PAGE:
“I believe that anyone running for president has an obligation to listen to the voices of regular people and answer their questions directly,” Edwards said. “In these final seven days, I want every Iowan who has a question to know exactly where I stand and what I’ll do to take on the special interests and give middle class Americans a voice in Washington.”

Sounds good to me.

And Again

December 28, 2007

Just in case you weren’t sure, Obama foreign policy advisor Susan Rice says that Hillary Clinton is indeed indirectly to blame for Benazir Bhutto’s assassination (H/T: TalkLeft):

“Those who made the judgment that we ought to divert our attention from Afghanistan to invade Iraq and allow al-Qaeda to reconstitute and strengthen are now having to assess the wisdom of that judgment as we may be seeing yet another manifestation of al-Qaeda’s potency,” said Susan Rice . . .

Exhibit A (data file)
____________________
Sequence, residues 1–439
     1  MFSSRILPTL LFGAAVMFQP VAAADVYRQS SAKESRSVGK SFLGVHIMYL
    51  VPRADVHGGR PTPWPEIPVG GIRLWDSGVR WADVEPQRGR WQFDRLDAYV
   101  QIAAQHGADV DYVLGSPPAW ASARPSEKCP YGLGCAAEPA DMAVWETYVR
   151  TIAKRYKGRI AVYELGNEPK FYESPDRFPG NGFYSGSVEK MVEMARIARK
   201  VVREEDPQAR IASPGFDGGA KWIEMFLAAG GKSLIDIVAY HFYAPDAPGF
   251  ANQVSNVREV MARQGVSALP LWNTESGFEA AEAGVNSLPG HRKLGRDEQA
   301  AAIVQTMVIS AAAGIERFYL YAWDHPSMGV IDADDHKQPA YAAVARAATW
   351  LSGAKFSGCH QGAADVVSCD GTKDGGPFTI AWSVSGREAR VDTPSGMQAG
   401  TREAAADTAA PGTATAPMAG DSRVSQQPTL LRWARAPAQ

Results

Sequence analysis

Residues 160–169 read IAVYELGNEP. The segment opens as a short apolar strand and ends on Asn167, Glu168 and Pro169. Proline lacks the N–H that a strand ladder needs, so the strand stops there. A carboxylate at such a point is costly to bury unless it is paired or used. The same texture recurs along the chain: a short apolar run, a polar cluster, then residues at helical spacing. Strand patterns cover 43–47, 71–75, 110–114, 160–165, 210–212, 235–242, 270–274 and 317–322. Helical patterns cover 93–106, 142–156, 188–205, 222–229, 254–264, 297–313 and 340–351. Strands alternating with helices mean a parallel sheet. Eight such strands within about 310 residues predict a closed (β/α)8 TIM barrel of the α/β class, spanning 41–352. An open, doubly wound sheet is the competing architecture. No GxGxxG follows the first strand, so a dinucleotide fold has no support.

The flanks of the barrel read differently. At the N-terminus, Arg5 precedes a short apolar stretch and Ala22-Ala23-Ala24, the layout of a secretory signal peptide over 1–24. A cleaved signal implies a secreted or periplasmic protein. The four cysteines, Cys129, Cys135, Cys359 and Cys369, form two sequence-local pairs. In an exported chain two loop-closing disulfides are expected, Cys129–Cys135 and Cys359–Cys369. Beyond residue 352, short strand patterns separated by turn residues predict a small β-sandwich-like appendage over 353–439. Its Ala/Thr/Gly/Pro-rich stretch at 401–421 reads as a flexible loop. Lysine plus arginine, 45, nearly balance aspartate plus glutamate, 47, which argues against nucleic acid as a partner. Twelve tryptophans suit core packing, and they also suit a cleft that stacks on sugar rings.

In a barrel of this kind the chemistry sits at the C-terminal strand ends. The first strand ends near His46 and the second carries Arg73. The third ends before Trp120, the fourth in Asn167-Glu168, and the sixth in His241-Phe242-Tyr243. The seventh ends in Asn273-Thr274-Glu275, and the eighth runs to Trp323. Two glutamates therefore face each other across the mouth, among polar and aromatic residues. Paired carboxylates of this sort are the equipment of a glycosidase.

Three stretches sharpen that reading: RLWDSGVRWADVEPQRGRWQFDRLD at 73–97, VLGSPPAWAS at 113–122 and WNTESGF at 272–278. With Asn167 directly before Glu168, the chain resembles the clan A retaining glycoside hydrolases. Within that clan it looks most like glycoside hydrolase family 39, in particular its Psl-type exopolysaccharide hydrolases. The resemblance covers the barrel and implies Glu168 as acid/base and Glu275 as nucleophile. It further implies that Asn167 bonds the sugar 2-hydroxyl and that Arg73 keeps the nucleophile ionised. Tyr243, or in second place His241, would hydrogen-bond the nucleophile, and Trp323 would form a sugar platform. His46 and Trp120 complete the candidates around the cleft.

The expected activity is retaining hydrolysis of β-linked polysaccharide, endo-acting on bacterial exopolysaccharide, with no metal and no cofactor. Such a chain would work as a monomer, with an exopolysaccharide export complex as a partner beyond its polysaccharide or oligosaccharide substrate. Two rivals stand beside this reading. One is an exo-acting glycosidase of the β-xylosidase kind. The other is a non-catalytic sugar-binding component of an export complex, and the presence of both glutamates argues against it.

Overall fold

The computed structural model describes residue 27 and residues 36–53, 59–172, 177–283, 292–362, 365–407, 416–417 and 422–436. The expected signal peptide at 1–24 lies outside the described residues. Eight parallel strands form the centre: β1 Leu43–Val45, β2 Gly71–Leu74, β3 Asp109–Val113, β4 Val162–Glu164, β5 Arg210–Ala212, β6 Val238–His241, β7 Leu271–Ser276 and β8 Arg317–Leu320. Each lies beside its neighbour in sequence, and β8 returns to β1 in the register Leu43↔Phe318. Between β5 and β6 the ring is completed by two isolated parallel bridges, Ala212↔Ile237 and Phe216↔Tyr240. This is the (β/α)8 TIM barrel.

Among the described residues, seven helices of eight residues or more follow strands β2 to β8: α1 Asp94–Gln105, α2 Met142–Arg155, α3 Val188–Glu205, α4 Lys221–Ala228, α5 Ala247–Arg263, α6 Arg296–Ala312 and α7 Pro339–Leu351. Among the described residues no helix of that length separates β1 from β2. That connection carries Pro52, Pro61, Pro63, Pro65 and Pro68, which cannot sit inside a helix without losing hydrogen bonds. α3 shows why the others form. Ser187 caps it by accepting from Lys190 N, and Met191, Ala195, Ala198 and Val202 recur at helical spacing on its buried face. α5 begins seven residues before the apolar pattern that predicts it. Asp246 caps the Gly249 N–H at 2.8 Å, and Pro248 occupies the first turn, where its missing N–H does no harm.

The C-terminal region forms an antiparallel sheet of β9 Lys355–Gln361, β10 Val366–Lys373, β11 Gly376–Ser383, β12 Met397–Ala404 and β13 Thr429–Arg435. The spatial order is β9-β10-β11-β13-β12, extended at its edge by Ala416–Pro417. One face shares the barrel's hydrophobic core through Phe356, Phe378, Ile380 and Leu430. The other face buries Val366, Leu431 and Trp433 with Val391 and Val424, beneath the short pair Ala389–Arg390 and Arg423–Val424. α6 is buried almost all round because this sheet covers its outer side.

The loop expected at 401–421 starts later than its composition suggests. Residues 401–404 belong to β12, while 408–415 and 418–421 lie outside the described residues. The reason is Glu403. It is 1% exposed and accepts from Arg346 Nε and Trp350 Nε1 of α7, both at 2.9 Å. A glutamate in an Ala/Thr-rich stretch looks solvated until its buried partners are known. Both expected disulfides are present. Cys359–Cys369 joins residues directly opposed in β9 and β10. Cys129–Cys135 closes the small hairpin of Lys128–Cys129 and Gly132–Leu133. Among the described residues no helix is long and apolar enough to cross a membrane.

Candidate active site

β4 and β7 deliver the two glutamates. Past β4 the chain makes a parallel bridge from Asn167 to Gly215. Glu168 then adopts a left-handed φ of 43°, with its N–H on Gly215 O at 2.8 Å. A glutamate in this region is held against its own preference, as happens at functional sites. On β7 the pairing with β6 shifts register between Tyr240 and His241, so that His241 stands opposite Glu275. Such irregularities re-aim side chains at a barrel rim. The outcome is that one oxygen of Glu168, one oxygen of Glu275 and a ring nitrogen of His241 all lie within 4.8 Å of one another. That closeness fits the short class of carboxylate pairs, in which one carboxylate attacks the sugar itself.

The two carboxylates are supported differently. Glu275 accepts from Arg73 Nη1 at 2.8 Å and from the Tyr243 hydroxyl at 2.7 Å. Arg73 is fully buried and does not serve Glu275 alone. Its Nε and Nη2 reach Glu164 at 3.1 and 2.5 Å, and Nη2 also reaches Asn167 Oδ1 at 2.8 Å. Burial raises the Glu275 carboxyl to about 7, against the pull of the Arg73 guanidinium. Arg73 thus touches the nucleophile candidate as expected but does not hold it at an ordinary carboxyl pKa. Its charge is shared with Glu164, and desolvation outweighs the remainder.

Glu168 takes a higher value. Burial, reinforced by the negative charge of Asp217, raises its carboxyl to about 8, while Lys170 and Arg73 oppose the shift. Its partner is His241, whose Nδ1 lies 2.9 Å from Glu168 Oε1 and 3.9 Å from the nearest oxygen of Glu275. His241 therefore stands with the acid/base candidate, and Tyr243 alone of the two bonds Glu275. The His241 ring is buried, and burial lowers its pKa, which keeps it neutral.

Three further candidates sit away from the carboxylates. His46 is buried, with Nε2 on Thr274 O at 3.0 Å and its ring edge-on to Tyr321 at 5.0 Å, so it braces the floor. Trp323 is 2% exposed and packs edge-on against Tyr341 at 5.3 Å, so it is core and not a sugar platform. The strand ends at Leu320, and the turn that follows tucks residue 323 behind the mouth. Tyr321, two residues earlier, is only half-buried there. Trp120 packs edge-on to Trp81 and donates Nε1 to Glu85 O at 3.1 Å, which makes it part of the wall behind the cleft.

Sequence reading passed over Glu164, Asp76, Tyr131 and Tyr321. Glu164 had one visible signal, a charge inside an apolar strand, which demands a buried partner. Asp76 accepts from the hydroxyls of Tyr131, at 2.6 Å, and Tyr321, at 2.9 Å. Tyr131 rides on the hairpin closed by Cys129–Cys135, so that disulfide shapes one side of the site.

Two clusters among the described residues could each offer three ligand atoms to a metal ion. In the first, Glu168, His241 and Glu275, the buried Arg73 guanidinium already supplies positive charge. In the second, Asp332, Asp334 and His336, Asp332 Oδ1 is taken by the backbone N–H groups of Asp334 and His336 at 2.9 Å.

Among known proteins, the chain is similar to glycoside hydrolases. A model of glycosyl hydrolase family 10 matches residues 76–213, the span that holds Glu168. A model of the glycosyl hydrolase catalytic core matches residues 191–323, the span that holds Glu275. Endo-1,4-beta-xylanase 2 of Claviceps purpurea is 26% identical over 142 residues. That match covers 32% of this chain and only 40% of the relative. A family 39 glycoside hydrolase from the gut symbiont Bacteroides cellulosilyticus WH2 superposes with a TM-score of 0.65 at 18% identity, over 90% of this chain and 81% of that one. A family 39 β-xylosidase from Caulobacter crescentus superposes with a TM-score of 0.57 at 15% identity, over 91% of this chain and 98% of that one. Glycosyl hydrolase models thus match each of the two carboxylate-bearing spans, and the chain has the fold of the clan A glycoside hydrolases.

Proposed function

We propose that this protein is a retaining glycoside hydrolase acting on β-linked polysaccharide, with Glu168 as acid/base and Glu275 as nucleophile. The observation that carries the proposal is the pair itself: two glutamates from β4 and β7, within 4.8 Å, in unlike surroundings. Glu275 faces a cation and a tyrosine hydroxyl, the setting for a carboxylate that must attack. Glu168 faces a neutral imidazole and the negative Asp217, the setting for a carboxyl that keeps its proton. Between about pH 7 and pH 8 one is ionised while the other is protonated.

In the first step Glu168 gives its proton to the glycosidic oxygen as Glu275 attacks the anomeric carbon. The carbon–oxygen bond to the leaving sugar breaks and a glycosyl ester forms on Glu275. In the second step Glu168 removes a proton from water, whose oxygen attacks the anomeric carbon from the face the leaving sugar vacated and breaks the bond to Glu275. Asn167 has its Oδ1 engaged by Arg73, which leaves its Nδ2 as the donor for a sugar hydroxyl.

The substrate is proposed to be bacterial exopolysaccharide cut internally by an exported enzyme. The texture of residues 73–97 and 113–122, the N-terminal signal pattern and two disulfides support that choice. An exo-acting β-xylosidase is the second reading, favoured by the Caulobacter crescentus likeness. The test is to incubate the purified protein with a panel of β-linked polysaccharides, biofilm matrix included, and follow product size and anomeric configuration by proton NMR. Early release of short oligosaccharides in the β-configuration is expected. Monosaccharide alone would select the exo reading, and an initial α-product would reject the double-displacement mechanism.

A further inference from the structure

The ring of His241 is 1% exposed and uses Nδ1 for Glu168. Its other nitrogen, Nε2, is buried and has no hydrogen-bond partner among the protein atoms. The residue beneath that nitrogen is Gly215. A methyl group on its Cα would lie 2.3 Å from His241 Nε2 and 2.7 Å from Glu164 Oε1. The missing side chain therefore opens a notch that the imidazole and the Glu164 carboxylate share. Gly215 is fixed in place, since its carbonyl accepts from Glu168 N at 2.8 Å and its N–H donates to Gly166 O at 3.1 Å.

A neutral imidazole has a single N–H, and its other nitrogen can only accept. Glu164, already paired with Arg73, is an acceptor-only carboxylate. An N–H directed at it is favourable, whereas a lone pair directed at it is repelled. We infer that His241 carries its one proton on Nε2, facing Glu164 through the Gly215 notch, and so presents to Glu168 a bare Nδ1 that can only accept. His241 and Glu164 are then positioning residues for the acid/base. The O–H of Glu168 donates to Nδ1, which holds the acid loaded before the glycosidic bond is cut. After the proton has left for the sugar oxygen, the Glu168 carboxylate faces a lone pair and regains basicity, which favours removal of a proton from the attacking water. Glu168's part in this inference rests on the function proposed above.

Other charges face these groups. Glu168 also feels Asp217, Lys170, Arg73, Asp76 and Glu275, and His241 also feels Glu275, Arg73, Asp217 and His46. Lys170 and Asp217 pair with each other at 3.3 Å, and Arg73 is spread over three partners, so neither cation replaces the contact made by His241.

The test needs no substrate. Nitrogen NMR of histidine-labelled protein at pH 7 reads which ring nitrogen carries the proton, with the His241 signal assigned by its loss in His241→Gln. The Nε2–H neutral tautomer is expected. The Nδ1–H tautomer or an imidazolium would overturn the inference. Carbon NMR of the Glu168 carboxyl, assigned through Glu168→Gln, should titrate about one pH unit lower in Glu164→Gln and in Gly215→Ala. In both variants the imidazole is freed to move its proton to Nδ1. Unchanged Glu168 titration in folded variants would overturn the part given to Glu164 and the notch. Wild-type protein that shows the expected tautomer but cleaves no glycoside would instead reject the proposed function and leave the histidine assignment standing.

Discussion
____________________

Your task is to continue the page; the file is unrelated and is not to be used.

Rice also hints that the Obama campaign is in favor of regime change in Pakistan, contradicting Obama advisor Zbigniew Brzezinski who has said that “the United States should not get involved in Pakistani politics.” Well, that’s as clear as mud.

Nothing to Fear But Fear Itself

December 28, 2007

AMERICAblog is linking to a news story in which it is revealed that economic issues and health care are taking priority as the issues that matter to Americans during this election cycle. Voters are concerned that the middle class is disappearing and that America is increasingly divided between the rich and the poor.